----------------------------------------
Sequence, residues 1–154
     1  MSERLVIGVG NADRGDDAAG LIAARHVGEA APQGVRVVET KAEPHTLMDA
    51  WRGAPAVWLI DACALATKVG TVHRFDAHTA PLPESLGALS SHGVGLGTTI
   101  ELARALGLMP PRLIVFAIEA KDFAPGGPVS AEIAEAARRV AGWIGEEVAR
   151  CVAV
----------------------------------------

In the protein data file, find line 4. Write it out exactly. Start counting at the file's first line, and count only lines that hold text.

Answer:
   101  ELARALGLMP PRLIVFAIEA KDFAPGGPVS AEIAEAARRV AGWIGEEVAR